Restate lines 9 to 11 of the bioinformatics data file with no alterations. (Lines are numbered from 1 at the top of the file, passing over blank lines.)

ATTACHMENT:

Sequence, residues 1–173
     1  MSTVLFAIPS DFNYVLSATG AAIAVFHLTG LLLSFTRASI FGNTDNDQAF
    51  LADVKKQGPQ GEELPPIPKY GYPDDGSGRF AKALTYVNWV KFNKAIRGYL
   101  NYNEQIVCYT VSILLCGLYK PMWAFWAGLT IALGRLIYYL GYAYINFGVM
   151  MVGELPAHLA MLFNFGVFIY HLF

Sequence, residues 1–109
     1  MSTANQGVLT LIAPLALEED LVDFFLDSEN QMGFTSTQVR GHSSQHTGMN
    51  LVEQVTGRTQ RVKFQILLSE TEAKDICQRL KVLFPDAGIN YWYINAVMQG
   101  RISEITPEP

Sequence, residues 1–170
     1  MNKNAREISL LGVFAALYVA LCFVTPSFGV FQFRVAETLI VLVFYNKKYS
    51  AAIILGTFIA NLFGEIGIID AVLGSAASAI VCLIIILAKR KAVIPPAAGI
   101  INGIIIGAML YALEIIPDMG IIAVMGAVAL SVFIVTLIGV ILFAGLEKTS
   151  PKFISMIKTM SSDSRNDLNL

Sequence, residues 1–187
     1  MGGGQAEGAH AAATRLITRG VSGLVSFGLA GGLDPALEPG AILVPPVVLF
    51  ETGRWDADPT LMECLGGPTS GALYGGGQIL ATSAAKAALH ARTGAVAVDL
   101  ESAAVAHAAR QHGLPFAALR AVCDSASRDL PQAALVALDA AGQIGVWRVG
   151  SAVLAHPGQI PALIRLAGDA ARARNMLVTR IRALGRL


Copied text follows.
   101  RISEITPEP

Sequence, residues 1–170
     1  MNKNAREISL LGVFAALYVA LCFVTPSFGV FQFRVAETLI VLVFYNKKYS